Are you the kind of couple who likes to get down and boogie? Want your guests to do the same?
Of course you do, that’s why your having a reception in the first place - to dance and get sweaty and release endorphins beside and next to your friends and family.
In fact, at your last dress/suit fitting you probably busted a move or two just to make sure you could wiggle/twerk/floss/samba in your fancy get up.
Your wedding reception is half dinner time and half dance time, so why not make it easy for your guests to get on the dance floor and stay there? #amrigiht
Well, it’s no secret that my favorite DJ company is Instant Request, I know I can rely on them to show up, on time, prepared, and to rock the dance portion of the night (with no nudges or reminders needed from me).
To say that they make my job easier is an understatement but the more important part is that they make your wedding better, more fun and they make it easier to justify splurging on a black tie DJ for the best experience possible.
And so it only seemed fitting to pick the brain of my go to guy at Instant Request, Mitch, on how to keep guests on the dance floor at your wedding. Because it isn’t enough to just have music, or just play the songs you like or your friends like. It’s not just the size of the dance floor or the flashiness of the strobe lights. Read on for tips on how to get and keep guests on the dance floor at your wedding.
HOW TO GET (AND KEEP) GUESTS ON THE DANCE FLOOR
Don't wait too long after dinner to get the 1st dances started. Many couples forget to think through the flow of the night from dinner to dancing, especially when they are lured by the fantastical idea of removing tables to clear the space for a dance floor. Creating a lull in between events makes it harder to get guests excited for the dance portion of the night.
Ideally you’d serve dessert (immediately after toasts), wait 10 minutes or so and then get the first dances started right away. Take advantage of the cake-induced sugar high guests are about to experience and jump right into it.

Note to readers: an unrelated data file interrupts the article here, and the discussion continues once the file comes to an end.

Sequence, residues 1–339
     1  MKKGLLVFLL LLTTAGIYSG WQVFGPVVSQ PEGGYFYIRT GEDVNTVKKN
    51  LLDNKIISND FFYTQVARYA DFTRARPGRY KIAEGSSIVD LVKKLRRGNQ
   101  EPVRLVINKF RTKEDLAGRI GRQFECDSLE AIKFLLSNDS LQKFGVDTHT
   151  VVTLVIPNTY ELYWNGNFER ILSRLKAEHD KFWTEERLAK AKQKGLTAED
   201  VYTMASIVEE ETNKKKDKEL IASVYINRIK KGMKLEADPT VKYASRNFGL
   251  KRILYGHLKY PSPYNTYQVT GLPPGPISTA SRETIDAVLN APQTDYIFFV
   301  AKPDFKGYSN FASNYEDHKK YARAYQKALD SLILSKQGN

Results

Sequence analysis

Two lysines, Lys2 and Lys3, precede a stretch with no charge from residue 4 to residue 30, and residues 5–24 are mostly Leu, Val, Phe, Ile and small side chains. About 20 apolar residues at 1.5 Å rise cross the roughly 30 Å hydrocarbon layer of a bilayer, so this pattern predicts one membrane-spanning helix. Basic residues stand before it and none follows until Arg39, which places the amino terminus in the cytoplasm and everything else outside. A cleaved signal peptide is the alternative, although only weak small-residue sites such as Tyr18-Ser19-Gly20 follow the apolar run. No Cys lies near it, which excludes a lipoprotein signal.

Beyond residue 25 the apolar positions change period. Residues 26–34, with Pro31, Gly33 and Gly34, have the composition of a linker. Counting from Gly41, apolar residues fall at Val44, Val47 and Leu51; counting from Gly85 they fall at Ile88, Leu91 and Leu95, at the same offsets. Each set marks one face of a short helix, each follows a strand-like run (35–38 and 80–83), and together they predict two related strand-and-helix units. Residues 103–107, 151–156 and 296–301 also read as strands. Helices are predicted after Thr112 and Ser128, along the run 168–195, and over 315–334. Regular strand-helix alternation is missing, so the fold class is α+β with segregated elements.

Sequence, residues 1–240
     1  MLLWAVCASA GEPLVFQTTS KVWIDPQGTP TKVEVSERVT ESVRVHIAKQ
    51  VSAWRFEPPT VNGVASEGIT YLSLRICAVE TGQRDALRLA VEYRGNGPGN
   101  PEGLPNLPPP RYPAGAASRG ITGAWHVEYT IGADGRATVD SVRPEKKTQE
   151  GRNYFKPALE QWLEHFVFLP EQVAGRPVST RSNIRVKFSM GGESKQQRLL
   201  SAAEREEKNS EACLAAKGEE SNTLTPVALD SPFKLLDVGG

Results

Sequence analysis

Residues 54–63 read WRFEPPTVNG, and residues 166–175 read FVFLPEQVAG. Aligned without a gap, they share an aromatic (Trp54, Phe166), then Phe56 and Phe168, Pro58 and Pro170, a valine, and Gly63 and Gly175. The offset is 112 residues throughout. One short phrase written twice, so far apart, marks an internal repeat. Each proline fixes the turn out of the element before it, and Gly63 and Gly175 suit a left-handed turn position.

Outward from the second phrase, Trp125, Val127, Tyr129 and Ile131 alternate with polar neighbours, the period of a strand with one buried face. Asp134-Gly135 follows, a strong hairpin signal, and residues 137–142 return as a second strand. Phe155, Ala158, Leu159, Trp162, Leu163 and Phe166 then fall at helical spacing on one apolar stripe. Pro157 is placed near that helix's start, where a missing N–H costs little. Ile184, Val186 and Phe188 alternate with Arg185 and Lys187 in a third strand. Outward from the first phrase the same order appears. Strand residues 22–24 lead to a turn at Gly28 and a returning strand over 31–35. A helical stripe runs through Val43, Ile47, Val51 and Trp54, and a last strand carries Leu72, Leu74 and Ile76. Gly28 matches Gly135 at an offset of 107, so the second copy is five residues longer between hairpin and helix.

If you are removing tables to clear off the dance floor, think about having those guests served dinner first (after the head table and immediate family tables, of course) that way they are done eating sooner and you can move those tables sooner. If your venue staff does not clear tables, make sure you have a wedding planner or some person in charge of spearheading this endeavor. You’ll need to be swift (clear dinner plates etc. then centerpieces, then linen; know where the chairs and tables will go), but also stealthy so as not to make a big scene.
Those that love dancing and will dance must be seated closest to the dance floor. So that even when they make their way back to their seat, for a quick drink or to remove their shoes, the lure of the bass is right in their face and they just can’t sit for long before popping back up and scootin their way back onto the dance floor.
HAVE A GOOD PLAYLIST
Mitch reminds us, “To start the dance a good DJ will pick fun songs that appeal to the young and old and not just a new hot song that only the younger generation knows. If you only play new music at the beginning, this is just a cue for the older generation to leave early.”
And it doesn’t need to be an assumption that the older folks at your wedding will want to leave early. If they’re having fun, why would they leave early? Save the raunchy, filthy, expletive music for the end of the night, and play crowd pleasing songs more often than not. This isn’t a college garage party, this is your wedding, it’s okay to not play every single one of your favorite songs.